When she lived in California a number of years ago, Pam Dodrill remembers buying a wallet she loved at Nordstrom — until something it in broke.
As might be expected, Dodrill took broken wallet back to the store and showed a store associate, asking if they had any others in stock. What happened next cemented Nordstrom’s commitment to customer-centricity in her mind.
“She said ‘Yeah,’ and she just took the other one and gave me a new one without asking any questions,” Dodrill recalled. “No receipts. No ‘When did you buy it?’ Nothing. It was almost like this lifetime warranty.”
That experience has made Dodrill a loyal customer — the kind of customers that brands often come to San Ramon, Calif.-based Reputation to cultivate. The company’s platform analyzes vast amounts of public and private feedback data to uncover predictive insights for companies to act on.
That means Reputation has to demonstrate it knows what it’s talking about from a customer experience (CX) perspective, which is why last month Dodrill was named its new chief customer officer.
Dodrill recently spoke with 360 Magazine over a video call to discuss her recent appointment and her outlook on CX design. This interview has been edited and condensed.
You have such a rich background across a number of different organizations, from Zapier to Salesforce and ServiceMax. When you think about all those different kind of experiences you’ve had in your career, what will be some of the things that you think will be most applicable to the work you do at Reputation?
The breadth of the things I’ve done have all been focused on customer experience. But then when I think about the different size of brands I’ve worked with and their target markets I think I have a perspective on what it means to serve a big enterprise customer versus what it means to serve someone in the mid market or even SMB. There’s just different operating models that go with each of those segments.
You’ve lead customer success, customer growth, customer support – how do you differentiate that work with the mandate of a chief customer officer?
I don’t know if it really varies across the titles I’ve had. It hasn’t even been very long since customer success has been a thing, right? A lot of the conversations I’ve had with people that are my peers – people who have been vice-president of customer success, for example – have gotten into how they typically roll up into what is now a chief revenue officer. They’re reporting into sales, basically. In that sense I feel like I have a unique advantage because I have so much sales experience in my back pocket.
I’ve always encouraged my peers to remember that no matter what you’re doing as an executive or leader, you’re always selling. Whether or not you’re giving someone a contract to sign you’re always selling your vision, the things that need to get done. You’re motivating your team. It’s the same skill set.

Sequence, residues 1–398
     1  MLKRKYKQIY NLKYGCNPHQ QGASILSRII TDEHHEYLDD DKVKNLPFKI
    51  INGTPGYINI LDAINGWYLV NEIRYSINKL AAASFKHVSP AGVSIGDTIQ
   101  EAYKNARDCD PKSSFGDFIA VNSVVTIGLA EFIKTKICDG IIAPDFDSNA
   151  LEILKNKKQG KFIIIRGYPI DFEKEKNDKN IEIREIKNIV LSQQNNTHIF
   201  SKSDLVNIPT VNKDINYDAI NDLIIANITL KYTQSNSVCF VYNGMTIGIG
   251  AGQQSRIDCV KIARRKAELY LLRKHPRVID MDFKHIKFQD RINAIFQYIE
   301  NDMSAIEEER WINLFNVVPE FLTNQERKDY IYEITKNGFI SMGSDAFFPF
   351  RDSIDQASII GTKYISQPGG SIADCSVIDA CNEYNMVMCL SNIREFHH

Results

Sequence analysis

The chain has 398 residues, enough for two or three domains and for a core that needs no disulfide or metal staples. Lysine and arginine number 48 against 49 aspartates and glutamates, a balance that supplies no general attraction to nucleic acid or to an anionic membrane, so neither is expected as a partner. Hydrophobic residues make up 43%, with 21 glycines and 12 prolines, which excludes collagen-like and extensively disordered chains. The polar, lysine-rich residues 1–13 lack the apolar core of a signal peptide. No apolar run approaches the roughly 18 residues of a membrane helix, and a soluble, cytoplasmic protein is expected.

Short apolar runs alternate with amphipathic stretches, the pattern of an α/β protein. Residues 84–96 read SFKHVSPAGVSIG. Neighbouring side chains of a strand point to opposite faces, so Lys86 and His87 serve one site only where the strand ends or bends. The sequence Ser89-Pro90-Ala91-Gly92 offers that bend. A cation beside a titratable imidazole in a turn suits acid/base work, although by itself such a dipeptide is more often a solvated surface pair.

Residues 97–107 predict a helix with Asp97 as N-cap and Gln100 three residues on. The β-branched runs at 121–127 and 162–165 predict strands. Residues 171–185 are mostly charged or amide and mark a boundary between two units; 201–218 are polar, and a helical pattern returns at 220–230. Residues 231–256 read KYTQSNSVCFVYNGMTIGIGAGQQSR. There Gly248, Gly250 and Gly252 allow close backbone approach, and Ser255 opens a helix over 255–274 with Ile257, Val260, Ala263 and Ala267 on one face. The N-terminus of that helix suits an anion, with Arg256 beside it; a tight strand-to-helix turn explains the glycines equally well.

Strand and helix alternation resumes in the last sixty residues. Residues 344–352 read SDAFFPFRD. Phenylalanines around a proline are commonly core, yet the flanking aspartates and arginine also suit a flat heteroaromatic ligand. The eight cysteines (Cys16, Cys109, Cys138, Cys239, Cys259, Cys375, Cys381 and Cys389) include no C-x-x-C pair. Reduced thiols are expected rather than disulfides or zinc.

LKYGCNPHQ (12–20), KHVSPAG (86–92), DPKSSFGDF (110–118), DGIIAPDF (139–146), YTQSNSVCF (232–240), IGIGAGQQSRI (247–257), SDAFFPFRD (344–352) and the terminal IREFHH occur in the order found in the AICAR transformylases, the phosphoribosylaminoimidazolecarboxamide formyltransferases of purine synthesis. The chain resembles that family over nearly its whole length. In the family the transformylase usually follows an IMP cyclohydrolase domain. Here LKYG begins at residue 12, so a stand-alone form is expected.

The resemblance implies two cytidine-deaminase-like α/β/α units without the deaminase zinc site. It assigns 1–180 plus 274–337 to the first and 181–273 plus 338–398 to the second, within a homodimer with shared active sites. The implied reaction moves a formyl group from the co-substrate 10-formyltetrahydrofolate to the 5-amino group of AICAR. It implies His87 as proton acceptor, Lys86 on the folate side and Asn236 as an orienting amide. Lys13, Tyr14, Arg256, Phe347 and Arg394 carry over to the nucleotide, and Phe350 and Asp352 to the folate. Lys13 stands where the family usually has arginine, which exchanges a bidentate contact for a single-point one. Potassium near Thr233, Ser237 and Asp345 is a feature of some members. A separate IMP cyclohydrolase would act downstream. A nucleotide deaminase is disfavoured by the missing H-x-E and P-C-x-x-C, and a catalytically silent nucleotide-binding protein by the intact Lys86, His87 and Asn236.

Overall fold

Reputation, obviously, is well known for the capabilities it provides in helping organizations gather customer feedback, Apart from using your own platform, what will be some of the ways that you’re hoping to connect with reputations customers, and what kind of insights are you hoping to get from them to develop your strategy?
There are so many different ways to do that. I think the first thing is just getting out and talking to them, making sure I’m at our events, checking in with those that are doing implementations. I want to connect with them at all the different stages of the lifecycle that they have with us. And then the thing that I want to get a lot more visibility around is the outcomes that they’re trying to accomplish through the use of our platform. That’s when we can find the things that we should be celebrating with them, as well as the areas where we can dig in and help them a little bit more. The way you’ll do that is going to vary based on the segment or the customer. Their expectations are different, but I like to talk about it in terms of altruistic, proactive outreach. How transparent can they be? How much information can they share back with us? Then we can respond in kind to what we’re seeing with and address that delta between desired outcomes and true outcomes.
How does that relate to the way you think about measurement? Usually the key metrics have been customer satisfaction (CSAT) and Net Promoter Score (NPS) but should there be others?
I won’t call the other measures antiquated, because I think they’re all still very important. They don’t just go away, but they need to be combined into what we often call a health score for the customer. It can include the number of customer interactions, product usage, how many tickets they have opened and so on. Taking all of that information and then generating a health score based on weights against those areas looks to me to be the best path forward right now. And then if you think about the potential of artificial intelligence (AI) to give you an idea of what might be coming next, or to give suggestions on what the customer needs next to be successful, we could achieve a lot of what we’ve wanted to do in the CX community for a long time.
Shane Schick tells stories that help people innovate, and to manage the change innovation brings. He is the former Editor-in-Chief of Marketing magazine and has also been Vice-President, Content & Community (Editor-in-Chief), at IT World Canada, a technology columnist with the Globe and Mail and Yahoo Canada and is the founding editor of ITBusiness.ca. Shane has been recognized for journalistic excellence by the Canadian Advanced Technology Alliance and the Canadian Online Publishing Awards.